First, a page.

Journal of Immigrant and Minority Health

, Volume 19, Issue 1, pp 98–107 | Cite as

Kidnapping and Mental Health in Iraqi Refugees: The Role of Resilience

  • A. Michelle Wright
  • Yousif R. Talia
  • Abir Aldhalimi
  • Carissa L. Broadbridge
  • Hikmet Jamil
  • Mark A. Lumley
  • Nnamdi Pole
  • Bengt B. ArnetzEmail author
  • Judith E. Arnetz
Original Paper


Although kidnapping is common in war-torn countries, there is little research examining its psychological effects. Iraqi refugees (N = 298) were assessed upon arrival to the U.S. and 1 year later. At arrival, refugees were asked about prior trauma exposure, including kidnapping. One year later refugees were assessed for posttraumatic stress disorder (PTSD) and major depression disorder (MDD) using the SCID-I. Individual resilience and narratives of the kidnapping were also assessed. Twenty-six refugees (9 %) reported being kidnapped. Compared to those not kidnapped, those who were had a higher prevalence of PTSD, but not MDD, diagnoses. Analyses examining kidnapping victims revealed that higher resilience was associated with lower rates of PTSD. Narratives of the kidnapping were also discussed. This study suggests kidnapping is associated with PTSD, but not MDD. Additionally, kidnapping victims without PTSD reported higher individual resilience. Future studies should further elucidate risk and resilience mechanisms.


Kidnapping Refugees Resilience Posttraumatic stress disorder Depression 



This research was supported by a Grant from the National Institute of Mental Health (NIMH, Award Number R01MH085793) and National Institute of Environmental Health Sciences (P30ES020957). The content is solely the responsibility of the authors and does not necessarily represent the official views of NIMH, nor NIEHS. The authors wish to thank Evone Barkho, M.D., MPH, and Monty Fakhouri, M.S., for their work in collecting data and Mrs. Raja Yaldo for her help with data entry. Sincere thanks to Lutheran Social Services of Michigan, The Kurdish Human Rights Watch, and the Catholic Services of Macomb County for their assistance in participant recruitment. The authors also extend their gratitude to the refugees who participated in this study.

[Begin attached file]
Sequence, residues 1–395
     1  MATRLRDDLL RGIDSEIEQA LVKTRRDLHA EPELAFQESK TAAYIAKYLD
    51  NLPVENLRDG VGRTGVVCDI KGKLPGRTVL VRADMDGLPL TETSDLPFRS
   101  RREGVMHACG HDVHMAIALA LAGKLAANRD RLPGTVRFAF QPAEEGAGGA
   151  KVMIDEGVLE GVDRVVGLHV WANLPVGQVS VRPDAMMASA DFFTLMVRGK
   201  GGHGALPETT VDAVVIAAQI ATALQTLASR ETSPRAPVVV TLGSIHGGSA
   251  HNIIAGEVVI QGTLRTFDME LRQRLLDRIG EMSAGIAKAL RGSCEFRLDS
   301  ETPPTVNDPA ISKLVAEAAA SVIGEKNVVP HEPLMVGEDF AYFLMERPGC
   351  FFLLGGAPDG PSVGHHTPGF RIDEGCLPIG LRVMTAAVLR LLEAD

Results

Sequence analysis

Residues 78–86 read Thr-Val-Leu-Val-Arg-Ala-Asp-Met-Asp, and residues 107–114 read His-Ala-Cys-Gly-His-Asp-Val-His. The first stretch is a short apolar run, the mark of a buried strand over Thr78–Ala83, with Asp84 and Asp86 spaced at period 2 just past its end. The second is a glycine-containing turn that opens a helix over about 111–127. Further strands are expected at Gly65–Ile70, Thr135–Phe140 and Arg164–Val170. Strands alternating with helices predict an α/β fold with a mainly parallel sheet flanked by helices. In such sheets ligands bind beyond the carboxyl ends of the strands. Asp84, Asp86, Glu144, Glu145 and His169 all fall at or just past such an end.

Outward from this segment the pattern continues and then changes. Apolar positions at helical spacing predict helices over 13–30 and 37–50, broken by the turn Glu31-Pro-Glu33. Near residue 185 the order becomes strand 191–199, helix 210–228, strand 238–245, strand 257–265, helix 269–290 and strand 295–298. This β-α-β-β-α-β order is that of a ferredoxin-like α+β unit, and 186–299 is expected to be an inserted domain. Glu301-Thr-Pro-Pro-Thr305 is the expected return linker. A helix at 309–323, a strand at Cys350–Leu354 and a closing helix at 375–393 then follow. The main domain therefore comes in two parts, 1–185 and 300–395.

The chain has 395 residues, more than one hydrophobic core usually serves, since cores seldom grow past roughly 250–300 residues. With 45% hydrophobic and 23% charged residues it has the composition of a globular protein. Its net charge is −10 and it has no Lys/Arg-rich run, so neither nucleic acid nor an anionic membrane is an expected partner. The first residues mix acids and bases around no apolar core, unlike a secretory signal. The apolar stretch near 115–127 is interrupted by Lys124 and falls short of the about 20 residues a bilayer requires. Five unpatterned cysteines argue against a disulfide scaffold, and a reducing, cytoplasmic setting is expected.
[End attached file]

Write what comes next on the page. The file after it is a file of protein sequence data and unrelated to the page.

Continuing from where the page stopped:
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Copyright information

© Springer Science+Business Media New York 2016

Authors and Affiliations

  • A. Michelle Wright
    • 1
    • 2
    • 3
  • Yousif R. Talia
    • 1
  • Abir Aldhalimi
    • 1
    • 4
  • Carissa L. Broadbridge
    • 1
    • 5
  • Hikmet Jamil
    • 1
    • 6
  • Mark A. Lumley
    • 2
  • Nnamdi Pole
    • 7
  • Bengt B. Arnetz
    • 1
    • 6
    • 8
    Email author
  • Judith E. Arnetz
    • 1
    • 6
    • 8
  1. 1.Department of Family Medicine and Public Health SciencesWayne State University School of MedicineDetroitUSA
  2. 2.Department of PsychologyWayne State UniversityDetroitUSA
  3. 3.Office of the Vice President for ResearchWestern Michigan UniversityKalamazooUSA
  4. 4.Department of PsychologyUniversity of Detroit MercyDetroitUSA
  5. 5.Department of PsychologySaint Xavier UniversityChicagoUSA
  6. 6.Department of Family MedicineMichigan State University College of Human MedicineEast LansingUSA
  7. 7.Department of PsychologySmith CollegeNorthamptonUSA
  8. 8.Department of Public Health and Caring SciencesUppsala UniversityUppsalaSweden

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